US District Court Decision in Nassau County
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    US District Court Decision in Nassau County

    Court Requires Nassau County To Implement New Procedural Safeguards to Protect Gun Owners Constitutional Rights

    GARDEN CITY, NEW YORK, February 28, 2011: “In deciding in favor of Mr. Gabriel Razzano, the United States District Court, Eastern District of New York, has reaffirmed the long standing tradition of protecting individual civil rights, even in cases public safety is balanced the citizen’s Fourth Amendment right under the U.S. Constitution to be free from unreasonable seizure of property without due process.” said La Reddola.

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  3. #2
    Quote Originally Posted by golocx4 View Post
    Court Requires Nassau County To Implement New Procedural Safeguards to Protect Gun Owners Constitutional Rights

    GARDEN CITY, NEW YORK, February 28, 2011: “In deciding in favor of Mr. Gabriel Razzano, the United States District Court, Eastern District of New York, has reaffirmed the long standing tradition of protecting individual civil rights, even in cases public safety is balanced the citizen’s Fourth Amendment right under the U.S. Constitution to be free from unreasonable seizure of property without due process.” said La Reddola.
    Actually, the decision was based on 14th Amendment due process rights.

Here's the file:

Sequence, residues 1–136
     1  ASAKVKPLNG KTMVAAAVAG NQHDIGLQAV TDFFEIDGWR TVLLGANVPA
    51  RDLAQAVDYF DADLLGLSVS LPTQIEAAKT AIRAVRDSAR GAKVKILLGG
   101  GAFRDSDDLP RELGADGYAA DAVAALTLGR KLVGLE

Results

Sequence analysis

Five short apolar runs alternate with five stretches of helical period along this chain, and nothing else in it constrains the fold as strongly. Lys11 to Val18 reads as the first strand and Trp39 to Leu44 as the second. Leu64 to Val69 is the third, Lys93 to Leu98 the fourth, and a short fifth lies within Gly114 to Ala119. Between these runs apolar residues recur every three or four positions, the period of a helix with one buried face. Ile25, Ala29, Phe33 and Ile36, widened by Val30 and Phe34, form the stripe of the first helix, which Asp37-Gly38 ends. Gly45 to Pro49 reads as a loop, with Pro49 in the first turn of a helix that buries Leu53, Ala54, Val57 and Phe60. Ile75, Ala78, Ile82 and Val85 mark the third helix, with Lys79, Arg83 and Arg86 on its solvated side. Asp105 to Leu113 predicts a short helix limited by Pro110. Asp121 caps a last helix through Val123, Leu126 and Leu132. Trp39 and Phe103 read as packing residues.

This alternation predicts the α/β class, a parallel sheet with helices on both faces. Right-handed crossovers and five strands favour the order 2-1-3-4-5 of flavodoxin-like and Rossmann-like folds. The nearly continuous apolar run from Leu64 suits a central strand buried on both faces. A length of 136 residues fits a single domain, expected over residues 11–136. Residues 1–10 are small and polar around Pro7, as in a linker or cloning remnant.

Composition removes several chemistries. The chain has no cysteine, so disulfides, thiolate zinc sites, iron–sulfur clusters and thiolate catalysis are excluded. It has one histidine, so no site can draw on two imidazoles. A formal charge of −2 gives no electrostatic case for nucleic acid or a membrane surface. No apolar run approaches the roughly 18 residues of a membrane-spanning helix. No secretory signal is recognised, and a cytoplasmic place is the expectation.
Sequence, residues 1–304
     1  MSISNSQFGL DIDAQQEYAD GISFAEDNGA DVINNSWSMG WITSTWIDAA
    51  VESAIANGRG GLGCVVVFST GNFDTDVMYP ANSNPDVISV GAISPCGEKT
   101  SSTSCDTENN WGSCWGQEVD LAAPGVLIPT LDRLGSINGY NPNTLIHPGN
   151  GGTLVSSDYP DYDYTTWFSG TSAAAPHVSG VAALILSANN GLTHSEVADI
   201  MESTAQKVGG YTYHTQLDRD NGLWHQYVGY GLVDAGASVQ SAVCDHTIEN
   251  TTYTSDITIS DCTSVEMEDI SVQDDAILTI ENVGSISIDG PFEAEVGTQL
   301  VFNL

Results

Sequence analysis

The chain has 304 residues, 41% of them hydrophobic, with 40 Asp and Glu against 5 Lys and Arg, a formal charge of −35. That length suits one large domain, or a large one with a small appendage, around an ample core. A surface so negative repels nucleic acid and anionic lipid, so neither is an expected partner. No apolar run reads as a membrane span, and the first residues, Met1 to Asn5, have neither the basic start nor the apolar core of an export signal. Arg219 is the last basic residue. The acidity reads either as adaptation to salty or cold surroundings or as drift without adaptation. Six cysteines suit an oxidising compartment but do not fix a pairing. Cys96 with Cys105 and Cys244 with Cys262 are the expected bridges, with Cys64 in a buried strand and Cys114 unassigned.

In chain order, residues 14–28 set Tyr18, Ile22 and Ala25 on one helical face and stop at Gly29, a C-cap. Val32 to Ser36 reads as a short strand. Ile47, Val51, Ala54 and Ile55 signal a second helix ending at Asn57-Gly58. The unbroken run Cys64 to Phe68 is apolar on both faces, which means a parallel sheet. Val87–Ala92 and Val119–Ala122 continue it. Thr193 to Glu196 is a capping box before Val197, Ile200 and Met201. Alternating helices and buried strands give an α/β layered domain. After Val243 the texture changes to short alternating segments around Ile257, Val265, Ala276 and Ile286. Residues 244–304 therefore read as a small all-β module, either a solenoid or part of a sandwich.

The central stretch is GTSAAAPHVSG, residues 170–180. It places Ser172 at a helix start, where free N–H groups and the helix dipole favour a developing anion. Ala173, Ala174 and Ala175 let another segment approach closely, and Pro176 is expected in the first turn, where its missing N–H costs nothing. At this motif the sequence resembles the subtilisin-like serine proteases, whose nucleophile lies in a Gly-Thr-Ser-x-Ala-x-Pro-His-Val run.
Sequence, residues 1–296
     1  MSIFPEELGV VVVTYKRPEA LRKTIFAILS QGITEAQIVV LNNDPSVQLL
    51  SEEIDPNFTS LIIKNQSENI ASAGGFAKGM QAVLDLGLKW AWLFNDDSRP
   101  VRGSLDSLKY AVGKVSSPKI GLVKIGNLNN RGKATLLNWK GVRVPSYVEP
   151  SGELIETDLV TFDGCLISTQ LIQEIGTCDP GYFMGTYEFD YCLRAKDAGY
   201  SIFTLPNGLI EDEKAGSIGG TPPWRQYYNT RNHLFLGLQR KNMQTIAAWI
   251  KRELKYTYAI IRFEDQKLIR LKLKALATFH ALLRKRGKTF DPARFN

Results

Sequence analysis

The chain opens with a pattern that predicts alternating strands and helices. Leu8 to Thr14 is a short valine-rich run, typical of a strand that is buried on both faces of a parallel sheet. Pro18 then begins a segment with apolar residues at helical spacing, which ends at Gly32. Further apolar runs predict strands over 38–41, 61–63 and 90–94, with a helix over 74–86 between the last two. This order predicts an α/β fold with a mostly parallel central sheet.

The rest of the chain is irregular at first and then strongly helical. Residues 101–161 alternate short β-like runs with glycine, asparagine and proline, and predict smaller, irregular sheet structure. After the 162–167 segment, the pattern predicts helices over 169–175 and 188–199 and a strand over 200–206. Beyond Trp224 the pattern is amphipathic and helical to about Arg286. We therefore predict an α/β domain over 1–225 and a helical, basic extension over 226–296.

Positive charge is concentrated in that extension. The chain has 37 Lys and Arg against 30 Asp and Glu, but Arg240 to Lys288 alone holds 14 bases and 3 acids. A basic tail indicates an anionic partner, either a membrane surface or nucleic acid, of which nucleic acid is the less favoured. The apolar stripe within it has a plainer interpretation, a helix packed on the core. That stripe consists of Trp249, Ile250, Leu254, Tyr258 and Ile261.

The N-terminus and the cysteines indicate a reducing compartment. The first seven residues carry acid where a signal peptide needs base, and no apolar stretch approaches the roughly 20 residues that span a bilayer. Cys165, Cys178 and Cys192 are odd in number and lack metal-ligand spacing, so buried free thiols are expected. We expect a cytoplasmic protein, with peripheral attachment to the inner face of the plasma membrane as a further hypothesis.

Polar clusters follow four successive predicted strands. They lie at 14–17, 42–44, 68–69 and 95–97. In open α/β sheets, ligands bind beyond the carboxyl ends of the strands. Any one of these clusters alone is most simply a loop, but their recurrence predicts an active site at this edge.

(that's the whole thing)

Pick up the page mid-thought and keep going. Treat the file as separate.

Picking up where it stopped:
The plaintiff' had moved for summary judgment on a 4th Amendment claim, but the court found that no such claim had been made in the pleadings, and not even the "liberal pleading" rule could be applied to find a 4th amendment claim.

    The court, however, allowed the plaintiff to file an amended complaint to raise the 4th amendment claim, but the court's decision was not based on the 4th amendment.

    This court's decision was similar to, and was based upon, a New York State case holding that DWI arrestees had a 14th amendment right to a post-deprivation hearing with regard to seizure of their cars.

    This case's importance to second amendment jurisprudence is based solely on the court's reasoning that:

    Moreover, the right to bear arms is enshrined in the Second Amendment of the United States Constitution, and although this right is by no means unlimited, ownership of guns by individuals legally entitled to those guns is a basic right. A prompt due process hearing is likely to limit the unfair curtailment of this right
    Those who purpose an unlimited right to own guns without legal qualification won't find much comfort in that reasoning.

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